Domoto et al. , 199532

    Koehler and Ho, 198833, 1990a34 b35; Mikkonen et aI., 199636

    Zhang and Jones, 199637 ; Davy et al., 200038

    Holwerda et al., 199039

    Watanbe et al., 199140

    Kato et al., 199741

    Shintani et al. , 199742

    Ho et al., 200043

    Cercos et al., 199944

    Rotari et al., 199745

    Senyuk et al., 199846

    Schmid et al., 199847; Sheokand et al. unpublished

    Sakuta et al. 2001 48

    Lee et al 199749

    Jivotovskaya et al199750

    Koizumi et al., 199351

    Williams et aI., 199452

    Stroeher et aI., 199053

    Guerrero et al., 199054; Jones and Mullet, 199555

    Fischer Unpublished Sheokand et al. , uOfublished Harak et al., 200 15

    Jones and Mullet, 199555

    Sheokand unpublished Koizumi et al., 199351

    Solomon et al. 199958



    Table 1-(Contd)

    Predicted roles Plant Example Reference

    (iv) Low temperature Brassica napus bcp-15 Stroeher et al., 199753

    stress Lycopersicum Schaffer and Fisher, 198857


    (v) Wound inducible Nicotiana tabacum Cyp7 Linthorst et al., 1993 a59 b60

    Cyp8 Nicotiana rustica Lidgett et al., 199561

    (vi) Hypersensitive Nicotiana tabacum Cysteine proteases Heath 200062


    (vi i) GLC starvation Zea mays CCPI Chevalier et al., 199563

    (viii) Nitrogen Oryza sativa OsEP3A Ho et al., 200043


    (ix) Pathogen attack Lycopersicon LCYP-2 Linthorst et al., 1993 a59;b60

    esculentum Rcr3 Kruger et aI., 2002 64

    Senescence (i)Leaf senescence Zea mays ZMS sel Griffiths et ai., 199765 ;

    Arabidopsis SAG 2 Hensel et al., 199366

    SAG 12 Lohman et al., 1994 67 RD21 Drake et al., 199668

    Yamada et al., 2001 69

    Lycopersicum esculentum

    Brassica napus LSC790 Buchanan and Ainsworth, 199770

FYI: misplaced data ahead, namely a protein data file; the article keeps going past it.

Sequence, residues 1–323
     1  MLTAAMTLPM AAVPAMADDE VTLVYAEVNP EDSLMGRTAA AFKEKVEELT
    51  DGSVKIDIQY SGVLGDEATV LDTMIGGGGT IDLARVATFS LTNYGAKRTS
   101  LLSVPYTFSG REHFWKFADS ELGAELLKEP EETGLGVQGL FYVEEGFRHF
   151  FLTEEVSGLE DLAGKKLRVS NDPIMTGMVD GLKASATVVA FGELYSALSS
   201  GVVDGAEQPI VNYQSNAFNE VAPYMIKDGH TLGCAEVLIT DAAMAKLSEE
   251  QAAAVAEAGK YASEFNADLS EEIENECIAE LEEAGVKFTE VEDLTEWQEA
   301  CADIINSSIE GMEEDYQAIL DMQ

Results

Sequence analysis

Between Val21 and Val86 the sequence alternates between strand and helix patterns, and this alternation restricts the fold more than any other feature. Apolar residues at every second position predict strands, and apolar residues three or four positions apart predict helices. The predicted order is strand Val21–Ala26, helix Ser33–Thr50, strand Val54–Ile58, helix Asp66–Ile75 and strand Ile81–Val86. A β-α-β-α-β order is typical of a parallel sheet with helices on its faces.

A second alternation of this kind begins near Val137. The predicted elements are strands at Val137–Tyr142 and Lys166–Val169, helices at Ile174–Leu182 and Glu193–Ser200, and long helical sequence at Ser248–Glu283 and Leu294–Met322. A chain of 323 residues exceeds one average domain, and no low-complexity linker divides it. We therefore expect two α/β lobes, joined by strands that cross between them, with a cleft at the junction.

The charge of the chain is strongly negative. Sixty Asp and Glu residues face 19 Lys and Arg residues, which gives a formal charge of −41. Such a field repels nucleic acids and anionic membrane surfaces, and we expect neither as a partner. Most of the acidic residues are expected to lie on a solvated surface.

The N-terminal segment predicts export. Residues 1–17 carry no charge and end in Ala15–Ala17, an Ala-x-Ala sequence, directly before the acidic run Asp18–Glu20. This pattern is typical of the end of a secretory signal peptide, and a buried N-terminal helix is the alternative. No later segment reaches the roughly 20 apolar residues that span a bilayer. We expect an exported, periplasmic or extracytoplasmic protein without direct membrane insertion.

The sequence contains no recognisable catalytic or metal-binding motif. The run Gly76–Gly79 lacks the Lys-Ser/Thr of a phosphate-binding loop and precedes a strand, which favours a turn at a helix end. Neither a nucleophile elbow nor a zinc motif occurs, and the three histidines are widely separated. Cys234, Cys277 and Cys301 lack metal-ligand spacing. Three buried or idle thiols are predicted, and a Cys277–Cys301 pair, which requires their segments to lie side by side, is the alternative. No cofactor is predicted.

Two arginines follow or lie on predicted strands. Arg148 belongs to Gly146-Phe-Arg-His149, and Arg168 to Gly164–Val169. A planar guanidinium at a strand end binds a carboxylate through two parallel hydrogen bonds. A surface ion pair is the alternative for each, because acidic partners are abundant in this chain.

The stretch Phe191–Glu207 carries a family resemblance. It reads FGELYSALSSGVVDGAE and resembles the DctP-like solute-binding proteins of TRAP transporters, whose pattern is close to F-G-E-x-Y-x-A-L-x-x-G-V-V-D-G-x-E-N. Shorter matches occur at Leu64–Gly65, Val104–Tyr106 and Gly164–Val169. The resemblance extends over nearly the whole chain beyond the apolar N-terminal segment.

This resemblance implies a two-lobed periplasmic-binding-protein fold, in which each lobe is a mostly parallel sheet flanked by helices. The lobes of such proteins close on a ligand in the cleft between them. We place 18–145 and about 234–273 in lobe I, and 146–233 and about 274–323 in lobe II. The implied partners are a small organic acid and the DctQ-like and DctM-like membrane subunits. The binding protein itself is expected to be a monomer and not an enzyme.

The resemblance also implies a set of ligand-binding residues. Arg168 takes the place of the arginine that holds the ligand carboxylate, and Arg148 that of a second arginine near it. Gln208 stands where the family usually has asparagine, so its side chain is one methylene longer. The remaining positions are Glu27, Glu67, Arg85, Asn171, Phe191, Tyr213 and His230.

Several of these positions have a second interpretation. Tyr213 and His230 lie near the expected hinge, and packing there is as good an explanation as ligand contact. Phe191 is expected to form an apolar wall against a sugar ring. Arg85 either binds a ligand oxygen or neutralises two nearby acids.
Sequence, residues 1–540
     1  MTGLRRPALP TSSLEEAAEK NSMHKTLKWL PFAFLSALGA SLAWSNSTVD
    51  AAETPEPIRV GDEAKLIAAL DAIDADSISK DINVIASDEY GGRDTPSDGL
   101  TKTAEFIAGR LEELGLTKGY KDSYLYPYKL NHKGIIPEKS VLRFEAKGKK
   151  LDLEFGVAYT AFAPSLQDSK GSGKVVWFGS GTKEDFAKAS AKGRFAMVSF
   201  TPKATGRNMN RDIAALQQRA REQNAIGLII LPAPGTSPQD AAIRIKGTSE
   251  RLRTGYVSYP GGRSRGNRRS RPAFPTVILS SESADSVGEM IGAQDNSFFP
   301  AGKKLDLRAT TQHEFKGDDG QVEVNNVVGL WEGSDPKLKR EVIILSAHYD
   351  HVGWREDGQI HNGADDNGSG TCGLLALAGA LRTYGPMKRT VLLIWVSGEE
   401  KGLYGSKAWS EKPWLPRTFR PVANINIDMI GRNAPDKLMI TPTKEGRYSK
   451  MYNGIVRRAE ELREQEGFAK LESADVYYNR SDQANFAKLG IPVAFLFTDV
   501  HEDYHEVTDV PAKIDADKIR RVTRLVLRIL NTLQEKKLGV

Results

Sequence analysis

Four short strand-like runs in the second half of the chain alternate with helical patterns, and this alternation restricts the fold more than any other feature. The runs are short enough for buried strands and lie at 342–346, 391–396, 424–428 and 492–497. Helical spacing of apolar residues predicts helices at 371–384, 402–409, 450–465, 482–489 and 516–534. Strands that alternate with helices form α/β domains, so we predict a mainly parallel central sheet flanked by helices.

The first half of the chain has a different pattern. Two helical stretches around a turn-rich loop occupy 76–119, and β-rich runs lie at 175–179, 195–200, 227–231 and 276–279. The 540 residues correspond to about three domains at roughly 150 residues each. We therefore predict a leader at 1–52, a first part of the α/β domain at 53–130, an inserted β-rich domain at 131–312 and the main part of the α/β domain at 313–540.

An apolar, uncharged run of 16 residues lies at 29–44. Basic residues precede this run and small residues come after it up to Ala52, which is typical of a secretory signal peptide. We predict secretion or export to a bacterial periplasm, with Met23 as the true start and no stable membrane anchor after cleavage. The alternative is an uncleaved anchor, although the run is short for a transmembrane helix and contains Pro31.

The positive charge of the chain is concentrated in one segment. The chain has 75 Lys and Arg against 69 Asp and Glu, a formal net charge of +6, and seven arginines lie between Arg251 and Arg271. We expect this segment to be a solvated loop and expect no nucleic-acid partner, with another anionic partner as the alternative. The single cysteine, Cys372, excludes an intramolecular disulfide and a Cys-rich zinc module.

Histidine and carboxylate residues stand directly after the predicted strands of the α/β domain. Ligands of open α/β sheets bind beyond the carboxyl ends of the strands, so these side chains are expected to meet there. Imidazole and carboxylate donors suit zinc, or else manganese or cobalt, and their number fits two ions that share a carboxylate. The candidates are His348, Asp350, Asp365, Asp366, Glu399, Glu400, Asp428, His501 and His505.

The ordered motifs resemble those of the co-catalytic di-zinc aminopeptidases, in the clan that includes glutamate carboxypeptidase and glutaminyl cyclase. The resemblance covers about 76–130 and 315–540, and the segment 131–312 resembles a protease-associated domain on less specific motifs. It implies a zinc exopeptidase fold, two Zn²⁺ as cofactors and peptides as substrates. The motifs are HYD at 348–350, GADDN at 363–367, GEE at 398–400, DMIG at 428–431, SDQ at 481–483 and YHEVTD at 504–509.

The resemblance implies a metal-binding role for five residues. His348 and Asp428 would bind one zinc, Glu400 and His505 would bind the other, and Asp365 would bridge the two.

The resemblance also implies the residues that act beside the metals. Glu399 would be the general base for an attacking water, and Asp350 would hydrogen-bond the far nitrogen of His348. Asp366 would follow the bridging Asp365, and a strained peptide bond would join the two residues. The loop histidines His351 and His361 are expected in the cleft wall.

Vigna unguiculata Srivallii et al., 2001 71

    Sweet potato SPG31 Chen et al., 200272

    Nicotiana tobacum NTCP-23 Veda et al., 200073

    Lolium multiflorum Seel Li et al., 200074

    (ii) Flower and ovary Pisum sativum tpp Granell et al., 199275

    senescence TPE4A Cercos et al., 1999 44

    Hemerocallis spp. SEN 11 Guerrero et al., 199876

    Phalaenopsis sp. 0141 Nadeau et al., 199677

    Dianthus DC-CPl Sugawara et al. 200278


    Alstroemia ALSCYPI Wagstaff et al. 200279

    Programmed cell death Zinea elegans Minami and Fukuda, 199580

    (PCD) Ye and Varner, 199681

    Brinjal Xu and Chye, 199982

    Brassica napus Bn CysPI Wan et al. 200283 ; Arabidopsis XCPl Funk et al. 2002


    thaliana Lycopersicum TDI-65 Harrak et al. 2001 56

    esculentum Caspases Lam and del Pozo 200085

    Caspases De Jong et al. 200086

    Caspases Elbaz et al. 200287

    Castor bean Schmid et al. 199988

    Circadian rhythms Nicotiana tobacum NTCP-23 Veda et al. 200073

    Linthorst et al. 1993a59



    Table l-(Contd)

    Predicted roles Plant Example

    Leaf development Carica papaya PLBPc13

    Metabolism Zea mays CCP 1

    Nodulation Alnus glutinosa AgNOD-CPI Pisum sativum Ps Cypl Pisum sativum CypI5a Pisum sativum CyPI5a Vicia hirsuta Cyp15a Me